It's Time to Close the Gender Pay Gap in West Virginia
West Virginia women face one of the largest gender pay gaps in the nation and highest among surrounding states, according to a West Virginia Center on Budget and Policy report released this week.
Climbing the Mountain: Closing the Gender Pay Gap in West Virginia shows in 2017, women working full-time, year round in West Virginia were paid 74 cents for every dollar paid to men, a 26 percent pay gap. West Virginia has the third highest pay gap in the nation following Utah and Louisiana. A woman working full-time, year-round in the United States in 2017 made only 81 cents to every dollar a man made.
While strides have been made over the last several decades as more woman have obtained college degrees and found employment in managerial or professional occupations, left unattended, the gender pay will persist unless its causes are addressed.
The gender pay-gap exists in every state, at every educational attainment level and continues to impact women and their families after they leave the workforce.
With the earnings that a woman lost in 2017 in West Virginia, she could have paid for an extra year of child care, nearly two years of food for her and her family, two years of tuition at an in-state community college or paid a year and a half of tuition at a public four-year, in-state college or university. Because of lower lifetime earnings, the average Social Security benefit for women 65 and older is around $14,044 per year compared with $18,173 for men at the same age.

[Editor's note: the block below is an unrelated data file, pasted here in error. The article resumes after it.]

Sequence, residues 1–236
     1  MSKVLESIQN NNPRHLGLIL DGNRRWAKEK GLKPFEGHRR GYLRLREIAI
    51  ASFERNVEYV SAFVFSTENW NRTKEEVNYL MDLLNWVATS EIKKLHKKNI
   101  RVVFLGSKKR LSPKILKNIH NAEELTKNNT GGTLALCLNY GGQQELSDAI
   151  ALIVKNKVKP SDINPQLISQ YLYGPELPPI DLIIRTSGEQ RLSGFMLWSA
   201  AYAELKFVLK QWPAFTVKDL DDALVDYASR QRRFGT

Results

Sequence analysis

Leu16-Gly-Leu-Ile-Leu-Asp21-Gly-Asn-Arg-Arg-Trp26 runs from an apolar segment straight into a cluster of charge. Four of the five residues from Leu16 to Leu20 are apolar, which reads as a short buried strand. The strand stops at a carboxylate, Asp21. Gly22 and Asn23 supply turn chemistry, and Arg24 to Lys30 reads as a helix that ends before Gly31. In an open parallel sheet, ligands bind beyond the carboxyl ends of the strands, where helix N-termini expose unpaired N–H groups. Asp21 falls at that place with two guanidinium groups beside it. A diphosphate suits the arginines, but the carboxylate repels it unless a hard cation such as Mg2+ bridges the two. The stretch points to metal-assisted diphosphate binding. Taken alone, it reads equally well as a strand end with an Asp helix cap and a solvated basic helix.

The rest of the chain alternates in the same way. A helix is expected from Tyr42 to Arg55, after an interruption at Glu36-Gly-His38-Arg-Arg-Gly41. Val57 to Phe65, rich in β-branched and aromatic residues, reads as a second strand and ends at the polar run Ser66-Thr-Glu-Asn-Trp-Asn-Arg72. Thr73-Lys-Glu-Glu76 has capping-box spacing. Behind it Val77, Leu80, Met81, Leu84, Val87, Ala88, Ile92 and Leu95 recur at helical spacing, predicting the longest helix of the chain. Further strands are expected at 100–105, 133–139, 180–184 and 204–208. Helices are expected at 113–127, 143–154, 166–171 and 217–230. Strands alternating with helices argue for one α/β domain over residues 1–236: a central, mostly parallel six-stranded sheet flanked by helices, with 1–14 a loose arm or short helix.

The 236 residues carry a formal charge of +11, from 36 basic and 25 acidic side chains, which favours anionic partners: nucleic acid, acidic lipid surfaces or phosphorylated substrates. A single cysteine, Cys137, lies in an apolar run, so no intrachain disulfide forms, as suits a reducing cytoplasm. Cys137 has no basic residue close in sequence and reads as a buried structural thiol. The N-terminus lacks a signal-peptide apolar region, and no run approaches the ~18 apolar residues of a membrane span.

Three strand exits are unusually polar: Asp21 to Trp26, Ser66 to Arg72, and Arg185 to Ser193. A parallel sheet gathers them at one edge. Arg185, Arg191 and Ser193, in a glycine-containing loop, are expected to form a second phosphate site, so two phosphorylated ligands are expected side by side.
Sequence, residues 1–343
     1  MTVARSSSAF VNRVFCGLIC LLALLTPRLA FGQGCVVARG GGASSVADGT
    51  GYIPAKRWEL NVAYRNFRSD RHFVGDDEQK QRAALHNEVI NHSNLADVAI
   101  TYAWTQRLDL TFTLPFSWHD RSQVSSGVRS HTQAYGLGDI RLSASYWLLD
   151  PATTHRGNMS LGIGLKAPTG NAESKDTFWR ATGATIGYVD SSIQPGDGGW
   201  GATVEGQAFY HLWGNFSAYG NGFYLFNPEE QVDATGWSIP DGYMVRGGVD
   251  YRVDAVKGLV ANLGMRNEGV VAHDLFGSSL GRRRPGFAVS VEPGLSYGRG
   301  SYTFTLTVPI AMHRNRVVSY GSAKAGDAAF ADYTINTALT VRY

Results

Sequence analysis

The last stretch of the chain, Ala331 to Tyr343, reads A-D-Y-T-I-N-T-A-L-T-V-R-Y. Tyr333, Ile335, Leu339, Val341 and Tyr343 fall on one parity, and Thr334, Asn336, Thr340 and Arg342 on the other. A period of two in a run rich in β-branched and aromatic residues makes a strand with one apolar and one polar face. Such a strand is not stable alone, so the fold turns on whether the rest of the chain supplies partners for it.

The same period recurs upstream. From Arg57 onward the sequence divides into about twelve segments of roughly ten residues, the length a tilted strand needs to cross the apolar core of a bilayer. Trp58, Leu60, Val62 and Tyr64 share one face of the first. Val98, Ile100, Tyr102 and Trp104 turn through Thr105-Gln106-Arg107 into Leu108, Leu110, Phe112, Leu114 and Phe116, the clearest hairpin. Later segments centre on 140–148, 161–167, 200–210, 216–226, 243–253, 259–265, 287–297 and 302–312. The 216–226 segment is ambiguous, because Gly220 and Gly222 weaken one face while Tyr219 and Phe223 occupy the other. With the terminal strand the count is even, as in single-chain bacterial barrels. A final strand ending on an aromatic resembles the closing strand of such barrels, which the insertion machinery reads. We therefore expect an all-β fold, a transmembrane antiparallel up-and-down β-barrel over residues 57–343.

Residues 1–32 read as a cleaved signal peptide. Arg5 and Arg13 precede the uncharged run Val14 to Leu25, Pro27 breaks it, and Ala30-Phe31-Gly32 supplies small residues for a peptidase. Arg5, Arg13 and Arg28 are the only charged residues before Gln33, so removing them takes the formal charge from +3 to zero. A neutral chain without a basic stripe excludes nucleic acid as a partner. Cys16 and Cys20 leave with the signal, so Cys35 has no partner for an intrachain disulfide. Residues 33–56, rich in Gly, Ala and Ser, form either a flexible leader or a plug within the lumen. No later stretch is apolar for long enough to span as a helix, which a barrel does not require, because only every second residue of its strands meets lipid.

When all people are included, regardless of worker status, the gap is even wider in West Virginia at 43 percent. Race exacerbates the pay gap with Black women only earning 63 cents to every dollar a man makes and Latinas make just 60 cents.
Many factors contribute to the gender pay gap; some explained, some not. The two main reasons for the pay gap are what industries and jobs within those industries women and men traditionally find themselves in. Extractive and industrial industries and STEM-based industries like engineering have far more men than women employed and much higher wages. Conversely, women are far more likely than men to be employed in education or arts and the humanities that traditionally pay lower wages.
- raising the state's minimum wage to $15 per hour and eliminating the two-tiered tipped wage system to give all West Virginia workers a chance at financial security
- enacting fair scheduling practices and paid sick days to help balance the demands of work and life to increase the state's workforce participation
- increasing affordability for higher education by breaking with recent state budget trends of divestment from public higher education and fully funding the PROMISE scholarship
- expanding affordable, accessible child care to allow more parents to enter and stay in the workforce
- creating a refundable state-level Earned Income Tax Credit to give working families a boost
- promoting women's work in male-dominated occupations that tend to pay higher wages
- passing equal pay and nondiscrimination policies with teeth